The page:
The Unending Search for UFOs
No alien "mothership" lurks in Comet Hale-Bopp's sensational tail, a glance at the nighttime sky will reveal. But UFOs enjoy a more down-to-earth following than last month's cult suicides may suggest. Indeed, many self-described "ufologists" fear the Heaven's Gate incident will only hurt efforts by "legitimate organizations" to prove that E.T.'s exist.
This week, one such group, the Asheville, N.C.-based Center for the Study of Extraterrestrial Intelligence (CSETI), plans to present its evidence at a background briefing for interested members of Congress. Among the "definitive smoking guns" are photographs, a video allegedly taken by a gun-camera on an Air Force fighter in hot pursuit of intruding "UFOs," and eyewitness accounts from several U.S. military, intelligence, and private-sector workers who claim to have studied the debris of alien craft. Apollo astronaut Ed Mitchell will cohost the event.
The aim, explains CSETI's director, Steven Greer, an emergency and trauma physician, is to move the UFO debate out of the tabloids and into public hearings. The group also is pushing for the government to disclose whether there have ever been experiments in remote mind-control, alien cryptography, and other supersecret "unacknowledged special access projects."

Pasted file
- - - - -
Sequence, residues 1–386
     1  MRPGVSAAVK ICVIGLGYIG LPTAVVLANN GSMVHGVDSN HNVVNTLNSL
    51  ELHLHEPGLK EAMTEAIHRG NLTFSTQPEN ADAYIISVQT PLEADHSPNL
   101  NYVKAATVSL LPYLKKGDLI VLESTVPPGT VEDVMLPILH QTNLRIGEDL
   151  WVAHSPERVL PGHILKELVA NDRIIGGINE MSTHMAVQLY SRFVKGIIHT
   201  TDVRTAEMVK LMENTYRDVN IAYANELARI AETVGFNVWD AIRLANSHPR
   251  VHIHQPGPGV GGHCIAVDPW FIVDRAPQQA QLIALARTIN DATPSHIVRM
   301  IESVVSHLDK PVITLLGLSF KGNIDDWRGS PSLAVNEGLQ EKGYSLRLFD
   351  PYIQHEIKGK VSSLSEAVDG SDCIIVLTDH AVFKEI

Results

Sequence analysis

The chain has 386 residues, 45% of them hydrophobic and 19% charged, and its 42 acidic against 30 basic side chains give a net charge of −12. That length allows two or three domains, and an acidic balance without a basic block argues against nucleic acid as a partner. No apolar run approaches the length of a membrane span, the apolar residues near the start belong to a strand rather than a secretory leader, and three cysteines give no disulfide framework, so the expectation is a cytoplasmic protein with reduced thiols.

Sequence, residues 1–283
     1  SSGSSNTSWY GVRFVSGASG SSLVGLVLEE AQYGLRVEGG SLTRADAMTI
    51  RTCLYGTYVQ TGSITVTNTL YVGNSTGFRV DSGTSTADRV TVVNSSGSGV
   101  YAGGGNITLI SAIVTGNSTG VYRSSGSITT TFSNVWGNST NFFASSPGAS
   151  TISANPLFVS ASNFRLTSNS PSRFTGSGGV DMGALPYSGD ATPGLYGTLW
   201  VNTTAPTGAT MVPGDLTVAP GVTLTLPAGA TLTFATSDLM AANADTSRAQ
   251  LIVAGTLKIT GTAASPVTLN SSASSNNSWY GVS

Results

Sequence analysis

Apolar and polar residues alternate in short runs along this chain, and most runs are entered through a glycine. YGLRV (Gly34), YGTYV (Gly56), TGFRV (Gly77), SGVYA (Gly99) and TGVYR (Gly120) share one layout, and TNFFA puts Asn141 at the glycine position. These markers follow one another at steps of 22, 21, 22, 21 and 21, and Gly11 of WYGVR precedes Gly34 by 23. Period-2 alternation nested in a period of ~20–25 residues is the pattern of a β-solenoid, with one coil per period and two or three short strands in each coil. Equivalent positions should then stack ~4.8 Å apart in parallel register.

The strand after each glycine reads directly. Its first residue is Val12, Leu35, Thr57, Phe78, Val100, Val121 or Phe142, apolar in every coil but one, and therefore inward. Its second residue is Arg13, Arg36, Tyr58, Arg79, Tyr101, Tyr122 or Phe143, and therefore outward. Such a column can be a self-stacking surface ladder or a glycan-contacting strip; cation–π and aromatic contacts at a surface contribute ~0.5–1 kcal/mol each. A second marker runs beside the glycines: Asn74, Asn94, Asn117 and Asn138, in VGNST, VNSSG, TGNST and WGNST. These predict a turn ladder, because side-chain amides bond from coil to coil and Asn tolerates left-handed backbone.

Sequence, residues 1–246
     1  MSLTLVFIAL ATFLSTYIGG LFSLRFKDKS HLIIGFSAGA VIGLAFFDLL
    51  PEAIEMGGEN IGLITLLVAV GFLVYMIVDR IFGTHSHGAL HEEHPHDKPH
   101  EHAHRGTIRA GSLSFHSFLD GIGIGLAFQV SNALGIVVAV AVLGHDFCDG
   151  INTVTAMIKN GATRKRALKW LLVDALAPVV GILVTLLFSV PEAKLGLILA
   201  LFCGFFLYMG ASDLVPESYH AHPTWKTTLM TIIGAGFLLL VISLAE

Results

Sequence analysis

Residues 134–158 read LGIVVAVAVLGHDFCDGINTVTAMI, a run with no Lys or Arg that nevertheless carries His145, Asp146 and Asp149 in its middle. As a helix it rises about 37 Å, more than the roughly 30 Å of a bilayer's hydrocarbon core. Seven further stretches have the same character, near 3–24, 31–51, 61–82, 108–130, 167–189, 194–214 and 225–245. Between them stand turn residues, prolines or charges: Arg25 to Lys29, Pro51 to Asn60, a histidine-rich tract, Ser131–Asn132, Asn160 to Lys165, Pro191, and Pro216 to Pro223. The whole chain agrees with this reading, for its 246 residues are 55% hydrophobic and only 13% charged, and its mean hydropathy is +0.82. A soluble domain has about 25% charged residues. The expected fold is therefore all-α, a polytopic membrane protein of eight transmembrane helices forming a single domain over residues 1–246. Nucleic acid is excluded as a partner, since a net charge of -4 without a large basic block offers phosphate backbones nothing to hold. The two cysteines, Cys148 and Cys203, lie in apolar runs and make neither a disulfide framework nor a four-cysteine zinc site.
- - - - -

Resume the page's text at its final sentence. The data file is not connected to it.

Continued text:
There may be little to divulge, however. A 1993 inquiry by New Mexico Rep. Steven Schiff turned up Project Mogul, a covert venture to develop nuclear-test-sensor balloons; officials say people mistook the balloons for spacecraft at Roswell in 1947. And last week, the Pentagon revealed the Air Force stopped investigating UFO sightings in 1969. Meanwhile, the original SETI (Search for Extraterrestrial Intelligence) project popularized by Carl Sagan, cut from the government purse in 1993 and now privately funded, continues to scan the heavens for microwave or radio signals that might point to something more earth-shattering than the intriguing, but unreproducible, events--called "wows"--received so far.
This story appears in the April 14, 1997 print edition of U.S. News & World Report.